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It's a Dirty Shame About the Beach

Pollution: A longtime surfer and lifeguard sadly concludes that Huntington cares more about tourist dollars than people's health.

August 27, 2000|LORRAINE M. SCOTT | Lorraine M. Scott writes from Huntington Beach

A city like Huntington Beach should not compromise the health and safety of its residents and the public in exchange for tourist dollars. I believe the city is making decisions based on economic factors, and I believe our health and safety are at risk.

I live in Huntington Beach; I am a former state beach and city beach lifeguard (in Santa Cruz). I am an avid surfer, yet I stay out of the water more days than I go in because of the pollution problems. I considered returning to the lifeguard profession this summer, but after careful consideration I decided against even trying out because I refuse to subject myself to the risk of having to work in contaminated water, even if the city does provide me with free hepatitis shots.

On July 12, I noticed contamination signs posted along Huntington city beaches. The signs also were posted right in front of the Junior Lifeguard program. I watched as children in this program ran about 100 yards north of the signs and entered the water for their daily activities.

I asked a lifeguard involved with this program why the children were being directed to enter the water when signs were posted. He told me the water was contaminated, but not closed to swimming. I was appalled by his response.

But the truth is, his response is indicative of the attitude here in Huntington Beach, from the top down. Last year the beach was closed all summer. It miraculously opened for Labor Day weekend, then was re-closed. Something stinks here.

As a lifeguard in Santa Cruz in the 1980s, I can attest that we suffered a similar pollution problem. There was contamination that the city and lifeguard department refused to acknowledge. We all know why: money. I called the health department, signs were posted and I was allowed to educate the public about the quality of the water. My actions embarrassed the city and the lifeguard department, but I felt I owed it to the public to inform them so they could make a decision about water usage.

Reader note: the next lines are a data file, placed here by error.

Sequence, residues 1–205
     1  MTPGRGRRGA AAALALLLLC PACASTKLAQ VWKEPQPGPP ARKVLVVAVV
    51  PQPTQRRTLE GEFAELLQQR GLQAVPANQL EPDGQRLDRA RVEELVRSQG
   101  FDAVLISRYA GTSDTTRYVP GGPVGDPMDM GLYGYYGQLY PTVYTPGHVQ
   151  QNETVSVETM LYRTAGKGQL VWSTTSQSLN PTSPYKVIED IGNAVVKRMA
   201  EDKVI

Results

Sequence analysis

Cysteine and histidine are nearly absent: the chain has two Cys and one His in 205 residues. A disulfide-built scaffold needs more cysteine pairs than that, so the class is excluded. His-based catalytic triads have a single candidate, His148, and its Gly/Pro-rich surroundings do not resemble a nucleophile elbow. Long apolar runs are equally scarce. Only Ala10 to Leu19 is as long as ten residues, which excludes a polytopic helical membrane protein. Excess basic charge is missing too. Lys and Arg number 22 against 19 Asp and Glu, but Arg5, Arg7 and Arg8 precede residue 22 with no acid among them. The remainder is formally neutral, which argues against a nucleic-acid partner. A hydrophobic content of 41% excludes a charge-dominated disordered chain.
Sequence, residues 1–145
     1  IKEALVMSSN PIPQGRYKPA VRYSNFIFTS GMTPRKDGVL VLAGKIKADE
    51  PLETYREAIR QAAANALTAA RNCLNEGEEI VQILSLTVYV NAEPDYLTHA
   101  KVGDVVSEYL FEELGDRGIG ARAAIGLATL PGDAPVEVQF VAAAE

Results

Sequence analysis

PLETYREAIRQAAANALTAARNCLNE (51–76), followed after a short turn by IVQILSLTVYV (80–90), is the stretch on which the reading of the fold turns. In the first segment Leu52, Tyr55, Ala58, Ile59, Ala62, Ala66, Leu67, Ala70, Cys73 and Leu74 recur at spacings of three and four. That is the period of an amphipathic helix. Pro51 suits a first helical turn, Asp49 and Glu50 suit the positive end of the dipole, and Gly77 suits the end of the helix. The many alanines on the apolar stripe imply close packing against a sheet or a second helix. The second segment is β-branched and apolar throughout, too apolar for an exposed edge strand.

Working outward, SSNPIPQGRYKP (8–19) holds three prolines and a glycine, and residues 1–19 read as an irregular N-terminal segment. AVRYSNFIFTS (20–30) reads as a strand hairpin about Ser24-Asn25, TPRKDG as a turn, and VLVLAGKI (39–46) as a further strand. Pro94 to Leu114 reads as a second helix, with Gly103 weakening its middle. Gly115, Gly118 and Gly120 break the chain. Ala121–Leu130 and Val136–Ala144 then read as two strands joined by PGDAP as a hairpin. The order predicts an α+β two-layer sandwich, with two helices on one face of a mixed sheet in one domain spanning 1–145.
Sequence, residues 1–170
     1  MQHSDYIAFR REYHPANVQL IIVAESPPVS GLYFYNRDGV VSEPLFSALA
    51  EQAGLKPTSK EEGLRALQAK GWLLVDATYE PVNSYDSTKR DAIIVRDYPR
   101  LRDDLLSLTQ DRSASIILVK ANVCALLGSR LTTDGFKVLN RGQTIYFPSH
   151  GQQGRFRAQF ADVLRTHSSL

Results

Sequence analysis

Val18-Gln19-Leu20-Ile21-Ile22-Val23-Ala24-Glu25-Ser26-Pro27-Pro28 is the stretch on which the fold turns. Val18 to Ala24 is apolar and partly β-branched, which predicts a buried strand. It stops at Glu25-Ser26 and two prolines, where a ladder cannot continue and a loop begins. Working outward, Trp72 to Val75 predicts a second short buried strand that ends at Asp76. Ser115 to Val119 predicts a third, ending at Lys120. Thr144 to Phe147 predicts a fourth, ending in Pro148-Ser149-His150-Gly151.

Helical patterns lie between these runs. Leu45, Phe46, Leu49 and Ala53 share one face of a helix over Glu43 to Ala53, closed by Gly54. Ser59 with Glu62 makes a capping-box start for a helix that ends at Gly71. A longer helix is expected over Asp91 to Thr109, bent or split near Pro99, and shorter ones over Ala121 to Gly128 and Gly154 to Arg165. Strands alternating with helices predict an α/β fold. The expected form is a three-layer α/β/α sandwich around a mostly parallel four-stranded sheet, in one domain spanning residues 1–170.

What does it mean for water to be "contaminated" but not "closed"? Why are the posted signs so small that even local residents miss them? Why doesn't the city educate water users about the potential risk of swimming in contaminated water?

I know many of my fellow surfers and friends possess the same knowledge I do about the conditions of our water, yet they choose to surf anyway. A beach lifeguard in the city department told me he will continue to surf on a daily basis until the beach is officially closed.

What motivates these individuals? Rationalizations that they have good immune systems and that the pollution has always been there. Well, as adults they have the right to choose for themselves what is and is not acceptable to them. Children, in particular, do not.

I realize this elusive pollution is perplexing and poses a huge problem for Huntington Beach, but the dilemma has been economically based.

While I empathize with the city and I know they are working hard to find a solution to the contamination, they must also work extra hard to inform and protect the local residents and the public in general.

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